A large-scale nuclear winter would trigger a global famine. A disaster expert has put together a doomsday diet to save humanity.
It is easy to predict the effects of a nuclear disaster winter. First, why otherwise what would futurologists be for? Second, because the past teaches.
Two centuries ago the largest volcanic eruption in recorded history pushed millions of people in North America and Europe to the brink of famine.
In 1815 Mount Tambora exploded in Indonesia, pumping dust, ash and sulfur dioxide into the atmosphere. The explosion triggered freezing temperatures in the summer of 1816, which destroyed crops and vegetation. The birds fell dead by the millions from the sky. Desperate for food, people started eating raccoons and pigeons.
The period became known as the "volcanic winter" or "year without summer". On average, the global temperature cooled by nearly 18 degrees in tropical regions.
David Denkenberger, a mechanical engineer from the University of Alaska, often uses this eruption as an example when people ask him what would happen in the event of a nuclear winter.
"This is certainly a historical precedent", says the scholar. "But it's hard to get people to think about these bigger disasters."
Denkenberger manages ALLFED, a non-profit organization that intends to identify ways to protect the global food supply during a global catastrophe.
In the event of a nuclear catastrophe, he said, harvesting foods like mushrooms, algae and even sugar from the leaves could help create a sustainable "disastrous diet".
Nuclear winter could wrap the world in darkness
Several researchers predict that one large-scale nuclear war between India and Pakistan (which are both expanding their nuclear arsenals) would cause 250 100 kiloton weapons to detonate. Each more than six times larger than the "Little Boy" atomic bomb dropped on Hiroshima.
An extreme scenario, in which a cloud of black soot would envelop the sky and block the sunlight, causing a sharp drop in temperatures. The main agricultural centers could lose the ability to cultivate, triggering a global famine.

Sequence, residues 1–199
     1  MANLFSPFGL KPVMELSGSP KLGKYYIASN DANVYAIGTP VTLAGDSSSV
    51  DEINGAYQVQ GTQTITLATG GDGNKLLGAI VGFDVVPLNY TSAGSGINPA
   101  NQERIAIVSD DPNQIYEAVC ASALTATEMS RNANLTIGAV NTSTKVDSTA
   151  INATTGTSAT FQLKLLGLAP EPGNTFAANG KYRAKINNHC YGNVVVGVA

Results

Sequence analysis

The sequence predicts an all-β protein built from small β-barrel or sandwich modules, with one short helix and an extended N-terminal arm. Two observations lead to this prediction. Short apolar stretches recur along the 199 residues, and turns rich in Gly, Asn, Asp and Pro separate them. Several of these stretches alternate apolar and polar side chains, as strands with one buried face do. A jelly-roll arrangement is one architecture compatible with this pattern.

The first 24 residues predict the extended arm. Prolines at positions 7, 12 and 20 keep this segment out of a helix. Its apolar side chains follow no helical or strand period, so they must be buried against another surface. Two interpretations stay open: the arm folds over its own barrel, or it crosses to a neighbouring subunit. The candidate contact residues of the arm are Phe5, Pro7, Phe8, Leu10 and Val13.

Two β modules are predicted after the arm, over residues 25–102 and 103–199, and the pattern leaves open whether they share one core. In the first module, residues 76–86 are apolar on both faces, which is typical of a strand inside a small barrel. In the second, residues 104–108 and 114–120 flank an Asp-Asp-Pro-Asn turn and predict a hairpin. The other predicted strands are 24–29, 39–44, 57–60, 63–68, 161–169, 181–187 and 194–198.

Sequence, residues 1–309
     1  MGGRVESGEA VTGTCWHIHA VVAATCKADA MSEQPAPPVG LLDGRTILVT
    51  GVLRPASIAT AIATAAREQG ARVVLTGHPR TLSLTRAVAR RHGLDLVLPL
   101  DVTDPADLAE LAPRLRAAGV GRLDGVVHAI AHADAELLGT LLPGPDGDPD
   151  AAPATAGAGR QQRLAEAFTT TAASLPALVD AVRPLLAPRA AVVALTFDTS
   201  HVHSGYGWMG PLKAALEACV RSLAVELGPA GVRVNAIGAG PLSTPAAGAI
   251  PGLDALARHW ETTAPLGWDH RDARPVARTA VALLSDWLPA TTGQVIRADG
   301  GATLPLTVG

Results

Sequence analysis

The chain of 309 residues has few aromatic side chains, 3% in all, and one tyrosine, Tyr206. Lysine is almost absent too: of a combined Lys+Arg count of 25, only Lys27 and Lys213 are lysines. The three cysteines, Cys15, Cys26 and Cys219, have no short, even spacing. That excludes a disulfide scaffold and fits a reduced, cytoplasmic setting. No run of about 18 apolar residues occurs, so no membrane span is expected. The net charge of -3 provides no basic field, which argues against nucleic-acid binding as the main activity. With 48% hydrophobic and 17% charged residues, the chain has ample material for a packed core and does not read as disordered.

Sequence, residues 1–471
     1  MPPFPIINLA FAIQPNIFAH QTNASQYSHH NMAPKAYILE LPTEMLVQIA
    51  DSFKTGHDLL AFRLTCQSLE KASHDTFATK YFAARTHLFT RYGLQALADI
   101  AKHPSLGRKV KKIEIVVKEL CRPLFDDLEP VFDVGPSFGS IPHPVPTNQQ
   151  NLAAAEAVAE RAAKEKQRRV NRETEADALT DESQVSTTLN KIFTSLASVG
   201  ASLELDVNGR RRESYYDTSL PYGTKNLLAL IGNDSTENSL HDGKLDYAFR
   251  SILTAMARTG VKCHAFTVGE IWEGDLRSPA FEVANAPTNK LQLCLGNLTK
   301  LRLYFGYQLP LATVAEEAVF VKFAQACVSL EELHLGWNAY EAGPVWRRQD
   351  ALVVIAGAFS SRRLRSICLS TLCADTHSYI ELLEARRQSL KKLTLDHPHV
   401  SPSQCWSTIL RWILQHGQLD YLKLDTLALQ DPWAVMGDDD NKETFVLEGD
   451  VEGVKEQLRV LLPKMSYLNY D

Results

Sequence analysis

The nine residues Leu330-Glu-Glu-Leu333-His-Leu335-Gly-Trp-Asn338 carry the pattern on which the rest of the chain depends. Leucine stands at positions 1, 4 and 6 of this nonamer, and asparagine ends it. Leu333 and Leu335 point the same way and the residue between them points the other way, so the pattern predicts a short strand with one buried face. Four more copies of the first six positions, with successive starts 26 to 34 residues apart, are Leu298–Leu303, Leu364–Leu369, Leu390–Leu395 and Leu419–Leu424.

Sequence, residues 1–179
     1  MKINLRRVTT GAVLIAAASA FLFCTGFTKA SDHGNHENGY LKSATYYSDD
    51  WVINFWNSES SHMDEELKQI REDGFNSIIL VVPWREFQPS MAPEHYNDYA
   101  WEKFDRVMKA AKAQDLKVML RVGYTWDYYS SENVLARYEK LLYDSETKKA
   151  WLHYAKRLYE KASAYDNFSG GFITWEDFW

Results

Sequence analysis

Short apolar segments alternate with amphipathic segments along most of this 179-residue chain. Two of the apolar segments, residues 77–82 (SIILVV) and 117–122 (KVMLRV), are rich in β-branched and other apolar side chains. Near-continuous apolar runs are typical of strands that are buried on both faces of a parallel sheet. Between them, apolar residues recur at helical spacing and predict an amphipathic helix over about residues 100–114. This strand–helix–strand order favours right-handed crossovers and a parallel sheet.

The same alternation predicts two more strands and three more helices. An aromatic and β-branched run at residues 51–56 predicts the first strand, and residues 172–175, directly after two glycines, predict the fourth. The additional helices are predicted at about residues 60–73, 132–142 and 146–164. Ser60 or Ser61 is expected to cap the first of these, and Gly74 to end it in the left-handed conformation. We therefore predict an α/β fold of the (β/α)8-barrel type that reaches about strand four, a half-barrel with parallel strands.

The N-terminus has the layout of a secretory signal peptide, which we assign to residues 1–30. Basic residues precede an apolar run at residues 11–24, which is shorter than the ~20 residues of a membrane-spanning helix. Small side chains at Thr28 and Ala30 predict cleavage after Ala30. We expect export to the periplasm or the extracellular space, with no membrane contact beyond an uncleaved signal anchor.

"It would be a dramatic but above all immediate climate change"said Alan Robock, author of a recent study on the effects of a nuclear war between the two countries. "As horrible as the direct effects of nuclear weapons would be, the indirect effects on world food would be much worse".
Small survival manual for a nuclear disaster
Denkenberger says, however, that there are ways to support us, even if the earth becomes burnt and the ice cold falls.
A paper published in 2008 showed how fungi can survive both a thermonuclear nuclear disaster and the ensuing climate.
The conclusion of the document was: "When humans become extinct, the world will be populated by mushrooms."
Mushrooms and algae can grow without much light
Even if a nuclear winter destroyed trillions of trees, the fungi could feed on that dead matter, creating a regenerative food source that it could potentially feed everyone on the planet for about three years, according to Denkenberger estimates.
Since mushrooms do not rely on photosynthesis, they can survive without too much light. The same goes for algae, now studied "only" as a basis for biofuels.
Seaweed is a really good source of food in a scenario like this. It tolerates low light levels and grows quickly.
To feed everyone on the planet, Denkenberger estimates that the world would need around